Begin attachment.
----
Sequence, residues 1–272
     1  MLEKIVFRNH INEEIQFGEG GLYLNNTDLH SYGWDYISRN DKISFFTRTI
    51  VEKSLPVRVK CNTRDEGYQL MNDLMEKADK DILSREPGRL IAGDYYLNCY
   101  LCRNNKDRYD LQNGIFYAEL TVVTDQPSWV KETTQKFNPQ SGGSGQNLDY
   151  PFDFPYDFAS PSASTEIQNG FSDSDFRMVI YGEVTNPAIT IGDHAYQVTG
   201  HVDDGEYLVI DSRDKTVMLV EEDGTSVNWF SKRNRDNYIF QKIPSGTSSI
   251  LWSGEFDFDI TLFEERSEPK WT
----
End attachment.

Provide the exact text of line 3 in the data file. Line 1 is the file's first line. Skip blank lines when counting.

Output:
    51  VEKSLPVRVK CNTRDEGYQL MNDLMEKADK DILSREPGRL IAGDYYLNCY